Received a WhatsApp verification code without requesting it? Beware – you might be about to have your account stolen
Police in the UK are warning WhatsApp users of a surge they have seen in attempts made by fraudsters to steal accounts.
In a tweet posted by Southwark Police in South London, for instance, officers warn that scammers are stealing accounts by tricking WhatsApp users to share verification codes they are sent via SMS.
The scam works like this. Whenever someone tries to register a WhatsApp account on a mobile phone they give WhatsApp a phone number. WhatsApp sends an SMS verification code to the mobile phone number they have been given, to verify that the number is active and that the user trying to register the account really owns the number.
However, a fraudster might contact a WhatsApp user – perhaps pretending to be WhatsApp customer support – and ask them to forward the six-digit verification code that has just been- or is about to be – received on the mobile phone.
Of course, you haven’t requested a verification code. Instead, a scammer has entered your phone number and requested a registration code – in an attempt to hijack your account.
On its website, WhatsApp warns that keeping your verification code secret is an essential part of securing your account:
You should never share your WhatsApp verification code with others. If someone is trying to take over your account, they need the SMS verification code sent to your phone number to do so. Without this code, any user attempting to verify your number can’t complete the verification process and use your phone number on WhatsApp. This means you remain in control of your WhatsApp account.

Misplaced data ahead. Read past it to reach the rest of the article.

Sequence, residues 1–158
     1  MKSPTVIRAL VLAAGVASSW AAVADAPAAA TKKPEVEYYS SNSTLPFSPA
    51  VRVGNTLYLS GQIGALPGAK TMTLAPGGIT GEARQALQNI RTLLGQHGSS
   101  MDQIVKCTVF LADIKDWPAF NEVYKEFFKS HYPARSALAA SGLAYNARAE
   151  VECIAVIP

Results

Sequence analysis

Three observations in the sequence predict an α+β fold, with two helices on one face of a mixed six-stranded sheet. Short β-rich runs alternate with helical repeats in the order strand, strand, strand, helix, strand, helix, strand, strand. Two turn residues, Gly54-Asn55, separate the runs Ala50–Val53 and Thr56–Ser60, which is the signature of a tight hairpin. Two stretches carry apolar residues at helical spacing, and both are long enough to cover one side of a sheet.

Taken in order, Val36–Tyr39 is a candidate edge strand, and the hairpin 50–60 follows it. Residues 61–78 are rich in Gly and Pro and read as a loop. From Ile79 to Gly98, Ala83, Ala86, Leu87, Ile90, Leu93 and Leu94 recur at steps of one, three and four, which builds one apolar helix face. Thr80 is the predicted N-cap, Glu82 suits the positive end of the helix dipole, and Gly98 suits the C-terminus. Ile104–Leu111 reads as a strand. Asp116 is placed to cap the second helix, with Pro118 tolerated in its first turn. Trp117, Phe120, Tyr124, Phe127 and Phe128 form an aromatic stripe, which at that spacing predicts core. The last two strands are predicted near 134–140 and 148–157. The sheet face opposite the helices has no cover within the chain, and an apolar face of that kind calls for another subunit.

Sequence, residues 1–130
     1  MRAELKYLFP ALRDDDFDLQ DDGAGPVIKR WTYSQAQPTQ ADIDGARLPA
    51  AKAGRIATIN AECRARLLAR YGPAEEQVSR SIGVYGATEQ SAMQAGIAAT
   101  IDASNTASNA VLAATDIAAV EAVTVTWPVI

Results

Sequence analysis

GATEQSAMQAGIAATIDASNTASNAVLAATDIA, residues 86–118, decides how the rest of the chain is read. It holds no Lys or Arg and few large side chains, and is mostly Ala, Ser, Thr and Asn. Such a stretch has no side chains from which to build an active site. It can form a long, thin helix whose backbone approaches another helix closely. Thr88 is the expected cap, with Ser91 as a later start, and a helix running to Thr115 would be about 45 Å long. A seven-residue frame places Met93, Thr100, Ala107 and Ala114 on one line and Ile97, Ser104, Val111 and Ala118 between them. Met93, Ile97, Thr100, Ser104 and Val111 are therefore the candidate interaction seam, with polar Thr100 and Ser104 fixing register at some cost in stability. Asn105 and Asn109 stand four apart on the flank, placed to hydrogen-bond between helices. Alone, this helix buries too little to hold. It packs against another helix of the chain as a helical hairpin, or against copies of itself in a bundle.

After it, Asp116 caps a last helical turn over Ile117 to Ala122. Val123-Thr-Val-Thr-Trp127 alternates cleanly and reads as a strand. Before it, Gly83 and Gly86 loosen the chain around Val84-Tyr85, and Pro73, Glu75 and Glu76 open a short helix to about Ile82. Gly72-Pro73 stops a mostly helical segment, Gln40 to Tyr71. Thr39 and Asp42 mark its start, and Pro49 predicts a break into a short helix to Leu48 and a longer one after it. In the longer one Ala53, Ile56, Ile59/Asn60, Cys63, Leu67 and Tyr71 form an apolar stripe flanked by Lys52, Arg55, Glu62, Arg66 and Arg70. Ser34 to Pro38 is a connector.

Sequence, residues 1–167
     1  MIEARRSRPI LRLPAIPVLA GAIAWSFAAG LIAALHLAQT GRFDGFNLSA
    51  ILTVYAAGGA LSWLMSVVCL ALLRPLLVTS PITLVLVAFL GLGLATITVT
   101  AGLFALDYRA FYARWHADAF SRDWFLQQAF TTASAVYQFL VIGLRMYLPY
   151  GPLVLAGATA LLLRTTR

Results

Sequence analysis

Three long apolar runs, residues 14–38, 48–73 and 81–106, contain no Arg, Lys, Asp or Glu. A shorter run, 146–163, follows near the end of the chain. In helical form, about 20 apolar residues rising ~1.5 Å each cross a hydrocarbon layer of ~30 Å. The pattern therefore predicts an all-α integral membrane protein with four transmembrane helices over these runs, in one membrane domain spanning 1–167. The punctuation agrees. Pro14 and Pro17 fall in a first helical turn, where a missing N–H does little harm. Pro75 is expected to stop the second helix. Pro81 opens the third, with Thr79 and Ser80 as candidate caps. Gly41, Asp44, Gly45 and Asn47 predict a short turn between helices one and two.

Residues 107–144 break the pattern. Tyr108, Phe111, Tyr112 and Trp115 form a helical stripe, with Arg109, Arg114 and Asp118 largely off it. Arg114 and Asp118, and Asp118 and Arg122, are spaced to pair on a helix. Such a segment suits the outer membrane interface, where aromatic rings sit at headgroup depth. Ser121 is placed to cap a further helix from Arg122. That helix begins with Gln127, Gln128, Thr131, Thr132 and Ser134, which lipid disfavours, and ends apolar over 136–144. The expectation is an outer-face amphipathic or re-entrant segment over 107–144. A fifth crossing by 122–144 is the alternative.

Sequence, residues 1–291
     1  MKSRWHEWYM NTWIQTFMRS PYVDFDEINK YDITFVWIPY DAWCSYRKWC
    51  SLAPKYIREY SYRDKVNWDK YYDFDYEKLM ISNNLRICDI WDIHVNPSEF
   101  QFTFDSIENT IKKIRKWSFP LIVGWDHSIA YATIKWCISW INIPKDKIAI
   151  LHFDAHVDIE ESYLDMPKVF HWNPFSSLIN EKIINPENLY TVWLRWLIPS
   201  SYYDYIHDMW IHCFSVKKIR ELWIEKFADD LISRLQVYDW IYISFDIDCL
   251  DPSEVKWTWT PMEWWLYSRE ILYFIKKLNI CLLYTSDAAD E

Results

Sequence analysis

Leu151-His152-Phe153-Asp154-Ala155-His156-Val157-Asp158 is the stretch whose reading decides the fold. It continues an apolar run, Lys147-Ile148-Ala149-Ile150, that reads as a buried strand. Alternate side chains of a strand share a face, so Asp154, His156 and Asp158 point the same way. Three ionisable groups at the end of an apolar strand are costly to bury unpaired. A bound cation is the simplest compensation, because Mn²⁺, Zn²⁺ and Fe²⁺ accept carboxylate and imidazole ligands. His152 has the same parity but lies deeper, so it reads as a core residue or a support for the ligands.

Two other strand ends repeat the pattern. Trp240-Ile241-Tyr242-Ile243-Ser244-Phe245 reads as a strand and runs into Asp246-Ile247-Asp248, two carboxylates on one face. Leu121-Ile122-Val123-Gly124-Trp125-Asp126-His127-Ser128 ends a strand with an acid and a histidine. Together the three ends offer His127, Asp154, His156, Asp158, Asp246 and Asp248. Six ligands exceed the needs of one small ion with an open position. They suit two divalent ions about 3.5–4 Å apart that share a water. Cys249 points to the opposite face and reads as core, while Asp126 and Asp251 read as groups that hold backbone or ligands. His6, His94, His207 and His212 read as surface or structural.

Of course, if someone does manage to seize control of your WhatsApp account they will then be able to see any future messages you receive, and pretend to be you.
WhatsApp says that for this reason you should never share your verification code with anyone, even if they are friends or family.
“If you suspect someone else is using your WhatsApp account, you should notify family and friends as this individual could impersonate you in chats and groups. Please note, WhatsApp is end-to-end encrypted and messages are stored on your device, so someone accessing your account on another device can’t read your past conversations.”
For a higher level of security on WhatsApp, you are advised to not only never share your six-digital registration code, but also enable two-step verification, restrict who can view your profile photo, and be cautious about transferring money with contacts unless you have confirmed their identity.
WhatsApp offers further advice on how to recover your account if it has been stolen from you, and recommends that you log out of all computers from your phone if you still believe someone might be using your account via WhatsApp Web/Desktop.
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